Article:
BENEFITS EXPERT: Decoding the new state pension

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I understand that the new State Pension will be £155.65 a week from April. Will this be paid to all pensioners?

No. The new pension arrangements will only apply to people who reach State Pension Age on or after April 6, 2016. And even some of those will not receive the full £155.65. Existing pensioners will get the usual annual uprating which this year will be 2.9%, bringing the standard rate of Basic State Pension up to £119.30 a week.

Will the new State Pension be a better deal than that paid to today’s pensioners?

Not necessarily. The State Pension under current rules may consist of the basic pension, additional pension and graduated pension. The new ‘Single Tier’ pension payable from April will replace not only the basic pension but the other elements as well. So if someone has a pension under current rules where these elements add up to more than £155.65, they are better off with what they have.

So what sort of situation does someone have to be in for the new pension to be better than the current one?

As is always the case with pensions it depends upon what you have been paying in by way of contributions. The new pension will, for instance, be more generous for low-paid and self-employed people provided they have a National Insurance record covering the right number of years.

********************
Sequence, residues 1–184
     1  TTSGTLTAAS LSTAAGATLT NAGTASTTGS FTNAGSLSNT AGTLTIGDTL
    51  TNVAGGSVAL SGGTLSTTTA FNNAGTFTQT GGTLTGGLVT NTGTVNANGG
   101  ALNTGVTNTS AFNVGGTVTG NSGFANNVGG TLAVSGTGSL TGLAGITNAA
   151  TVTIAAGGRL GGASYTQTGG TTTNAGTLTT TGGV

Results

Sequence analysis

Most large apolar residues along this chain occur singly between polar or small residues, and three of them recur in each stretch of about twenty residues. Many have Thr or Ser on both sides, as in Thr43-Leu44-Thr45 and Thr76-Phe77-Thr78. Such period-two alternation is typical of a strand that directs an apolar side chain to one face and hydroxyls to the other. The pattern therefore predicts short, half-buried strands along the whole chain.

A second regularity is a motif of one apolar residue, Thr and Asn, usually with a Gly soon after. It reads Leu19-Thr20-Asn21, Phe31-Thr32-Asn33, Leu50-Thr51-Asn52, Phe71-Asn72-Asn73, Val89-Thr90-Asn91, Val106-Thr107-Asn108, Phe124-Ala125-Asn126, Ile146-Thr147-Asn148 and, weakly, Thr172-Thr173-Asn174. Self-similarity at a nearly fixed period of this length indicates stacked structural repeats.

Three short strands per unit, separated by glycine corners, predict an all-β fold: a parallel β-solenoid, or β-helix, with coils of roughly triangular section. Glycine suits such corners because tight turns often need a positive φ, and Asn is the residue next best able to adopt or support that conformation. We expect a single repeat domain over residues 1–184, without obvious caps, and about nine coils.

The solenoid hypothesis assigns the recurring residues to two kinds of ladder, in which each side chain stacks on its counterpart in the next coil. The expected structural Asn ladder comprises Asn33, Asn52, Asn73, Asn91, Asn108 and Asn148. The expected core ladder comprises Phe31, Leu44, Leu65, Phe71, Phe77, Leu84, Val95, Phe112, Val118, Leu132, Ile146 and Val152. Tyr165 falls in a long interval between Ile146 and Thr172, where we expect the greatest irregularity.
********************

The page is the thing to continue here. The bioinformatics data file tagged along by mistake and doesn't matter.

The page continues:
Currently, those on low earnings, including those who get National Insurance ‘credits’ because they cannot pay contributions, may not be able to look forward to a pension that is much more than the basic, which is currently £115.95 a week. This is also the maximum you can expect if you have always been self-employed.

 At present such people need to have had 30 years of National Insurance for the full basic pension. Under the ‘Single Tier’ rules they could receive the full £155.65 if they have 35 years.

Will everyone with 35 years of National Insurance reaching pension age after April qualify for £155.65 a week?

No. This applies in particular to those who have been in ‘contracted out’ pension schemes, such as those provided by certain employers. As they have been paying lower National Insurance Contributions, the Government will make a reduction to their pension calculation when working out their entitlement under the 35 year rule.

Can I receive a State Pension based on my spouse’s National Insurance record?

Not if you reach pension age on or after 6 April. The rules that currently enable someone to qualify on the record of their spouse, widow, widower or divorced husband or wife will no longer apply to you.